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Old 06-26-2006, 11:28 AM   #3
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Join Date: May 2006
Posts: 46
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“Who are you?” He asked, still slightly wary.
“We are a group dispatched from the Distribution of Underground Materials Base.”
“Is there a shorter word for your center?”
The maen looked sheepish. “Well. You can call it DUMB for short, but don’t tell anyone.”
Kevin allowed himself a small chuckle. “All right, you DUMB men, what are you here for, and why with no protection? Just some DUMB assignment?”
“No.” He was dead serious. “We’re here to see if you’d help us in some “DUMB” Operation.”
“I’ve got a good one.” It was Enigma, just appearing from behind Kevin. “How about a DUMB Operation is a DUMBO?”
Kevin sighed. “No, Enigma. No more puns.”
“We wear no suits because…”
“You’re DUMB?” Enigma interjected.
“All right! Enough!” A soldier aimed his gun, but Enigma was already invisible.
“Sir, you’ll have to pardon him. He has ‘Special Needs’.” Kevin fell over backwards from a sudden punch.
“Because we find we’re a lot harder to trap, especially when we’re just delivering messages.”
Kevin rose. “And what is this message?”
“We’ve run into some minor problems at the DUMB.”
“Ya think?” A voice came out of nowhere.
“Enigma,” Kevin started. “Anyway, what kind of problems?”
“About a month ago, we intercepted a radio broadcast preparing an invasion of England, which, as you know is our headquarters. Unfortunately, that very day, our only mech squadrons vanished without a trace near the Bermuda Triangle. We later learned that Human destroyers had pushed them back into the Triangle itself. All were lost.”
“Why does this concern us?” Kevin asked, still puzzled.
“We have heard of your legendary exploits, and we are trying to gather everyone we can to us in this time of need. We need you to help us, even if you aren’t as good as the legends would suggest.”
“We’re not, whatever legends you have heard. But we’ll come.”

The small band marched quickly across the ruins of Los Diablos, passing many a fallen mech on the way, evidence of the squad’s brutal killing efficiency. Finally, walking over the ruins of a small park, once known as Burton W. Chase Park, they reached Marina del Rey, where a small skiff was anchored in the shallows. The party boarded it and took of, skimming over the water at hundreds of miles per hour.
The skiff continued on until, many hours later they reached London. Again on foot, they traveled to a small town called Esher just outside of London. Their guide, who by now they had learned was called Anton, led them into an abandoned warehouse on the edge of town. They stopped and waited for the rest of their party to catch up. Anton led them into a room near the back and pulled a lever, long rusted with age. Tracing his steps back across the room, he entered a small room and knocked twice on the floor. A small panel slid open and he entered, motioning for them to follow. As they climbed down hundreds of rungs of ladder, the heat grew and grew and all but Pyro had their suits at high AC. Finally, they reached a large room. It was filled with hundreds of men, hundreds of machines, hundreds of blinking lights, and hundreds of screens. Kevin followed Anton over to a tall man standing at a computer, studying particle physics of nuclear fallout. He turned as Kevin approached.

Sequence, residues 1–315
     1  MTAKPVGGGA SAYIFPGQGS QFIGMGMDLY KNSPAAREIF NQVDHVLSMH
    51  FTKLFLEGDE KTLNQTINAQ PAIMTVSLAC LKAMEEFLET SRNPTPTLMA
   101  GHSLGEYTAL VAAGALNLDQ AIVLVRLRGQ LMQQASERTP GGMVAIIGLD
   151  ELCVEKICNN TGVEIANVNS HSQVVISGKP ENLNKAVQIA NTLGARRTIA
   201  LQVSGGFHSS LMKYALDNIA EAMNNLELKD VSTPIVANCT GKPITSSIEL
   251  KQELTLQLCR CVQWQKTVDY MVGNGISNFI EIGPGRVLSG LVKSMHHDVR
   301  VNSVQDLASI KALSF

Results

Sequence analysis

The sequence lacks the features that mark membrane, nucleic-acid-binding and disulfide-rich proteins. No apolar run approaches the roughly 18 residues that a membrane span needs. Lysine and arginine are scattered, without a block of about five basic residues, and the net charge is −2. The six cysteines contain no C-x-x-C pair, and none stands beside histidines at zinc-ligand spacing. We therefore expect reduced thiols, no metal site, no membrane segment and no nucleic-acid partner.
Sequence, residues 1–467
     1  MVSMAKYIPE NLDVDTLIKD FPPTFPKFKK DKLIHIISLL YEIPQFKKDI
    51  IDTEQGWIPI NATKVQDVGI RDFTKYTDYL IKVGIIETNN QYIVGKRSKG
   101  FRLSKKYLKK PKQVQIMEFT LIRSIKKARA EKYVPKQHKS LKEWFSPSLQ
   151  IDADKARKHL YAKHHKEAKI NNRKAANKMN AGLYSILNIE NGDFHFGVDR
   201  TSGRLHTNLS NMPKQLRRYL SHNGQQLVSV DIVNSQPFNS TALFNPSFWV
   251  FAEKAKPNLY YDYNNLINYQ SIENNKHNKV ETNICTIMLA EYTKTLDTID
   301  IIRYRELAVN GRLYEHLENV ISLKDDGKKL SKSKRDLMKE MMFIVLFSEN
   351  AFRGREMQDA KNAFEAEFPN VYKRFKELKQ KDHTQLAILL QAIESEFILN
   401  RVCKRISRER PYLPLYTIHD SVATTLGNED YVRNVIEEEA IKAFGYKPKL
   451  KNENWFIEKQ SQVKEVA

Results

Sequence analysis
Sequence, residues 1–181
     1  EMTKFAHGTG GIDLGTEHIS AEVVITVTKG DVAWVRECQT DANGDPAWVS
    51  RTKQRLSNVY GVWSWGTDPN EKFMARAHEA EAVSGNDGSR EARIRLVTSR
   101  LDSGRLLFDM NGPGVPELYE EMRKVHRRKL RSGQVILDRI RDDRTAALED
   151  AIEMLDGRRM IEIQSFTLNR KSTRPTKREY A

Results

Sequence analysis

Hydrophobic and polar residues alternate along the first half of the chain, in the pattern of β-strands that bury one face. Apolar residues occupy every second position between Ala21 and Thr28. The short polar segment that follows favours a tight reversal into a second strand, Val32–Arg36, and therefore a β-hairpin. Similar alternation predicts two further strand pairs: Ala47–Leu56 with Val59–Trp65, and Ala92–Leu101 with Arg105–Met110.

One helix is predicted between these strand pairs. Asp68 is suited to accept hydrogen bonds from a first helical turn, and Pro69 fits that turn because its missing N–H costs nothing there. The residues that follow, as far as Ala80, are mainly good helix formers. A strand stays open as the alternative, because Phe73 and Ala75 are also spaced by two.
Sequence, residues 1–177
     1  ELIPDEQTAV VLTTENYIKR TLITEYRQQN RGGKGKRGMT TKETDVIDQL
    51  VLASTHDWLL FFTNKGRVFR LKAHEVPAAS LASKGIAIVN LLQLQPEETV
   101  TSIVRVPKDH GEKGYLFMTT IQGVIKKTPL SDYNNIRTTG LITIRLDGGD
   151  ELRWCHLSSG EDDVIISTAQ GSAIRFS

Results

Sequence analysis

“Ah. Kevin Heathcliffe, I presume?” the man was well-spoken with a hint of British accent.
“I am. And you?”
“I am Rodgerson, Wilf Rodgerson.”
“If I may ask, what ‘change’ prompted you to join this group?”
The man nodded. “That you may. But it is not the answer you expect. I am not a Maan, simply another human being biased against prejudice. And you?”
“I can see things before they happen. Precognition, you might call it. I could tell what you’re saying five seconds from now, but I can’t read lips.”
“Ah. And your friends?”
Kevin spent the next few minutes explaining his friends and briefing Wilf on their situations, then Wilf theirs.
“As we see it, the enemy is going to attack us one week from now, and there is nothing we can do to stop them once they’ve come.”
“What must we do?”
“But there is one thing I can not help you on. I do not know what you must do. I do know that the enemies have superior forces and armor.